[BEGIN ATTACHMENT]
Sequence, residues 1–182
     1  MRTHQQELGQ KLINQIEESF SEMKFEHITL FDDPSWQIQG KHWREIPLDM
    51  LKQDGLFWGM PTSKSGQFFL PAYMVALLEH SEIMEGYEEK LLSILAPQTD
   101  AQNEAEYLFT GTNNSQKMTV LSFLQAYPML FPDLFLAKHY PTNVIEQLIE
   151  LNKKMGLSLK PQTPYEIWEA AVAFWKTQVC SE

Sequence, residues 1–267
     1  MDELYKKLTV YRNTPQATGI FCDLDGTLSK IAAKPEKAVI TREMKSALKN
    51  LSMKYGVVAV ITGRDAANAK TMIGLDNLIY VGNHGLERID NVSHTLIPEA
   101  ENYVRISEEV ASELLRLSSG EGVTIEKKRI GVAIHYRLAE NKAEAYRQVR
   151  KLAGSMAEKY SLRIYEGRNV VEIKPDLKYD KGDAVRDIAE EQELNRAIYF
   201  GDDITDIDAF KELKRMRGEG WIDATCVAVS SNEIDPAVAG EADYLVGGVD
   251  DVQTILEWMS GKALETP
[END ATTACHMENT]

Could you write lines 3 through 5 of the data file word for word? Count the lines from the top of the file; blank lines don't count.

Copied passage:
    51  LKQDGLFWGM PTSKSGQFFL PAYMVALLEH SEIMEGYEEK LLSILAPQTD
   101  AQNEAEYLFT GTNNSQKMTV LSFLQAYPML FPDLFLAKHY PTNVIEQLIE
   151  LNKKMGLSLK PQTPYEIWEA AVAFWKTQVC SE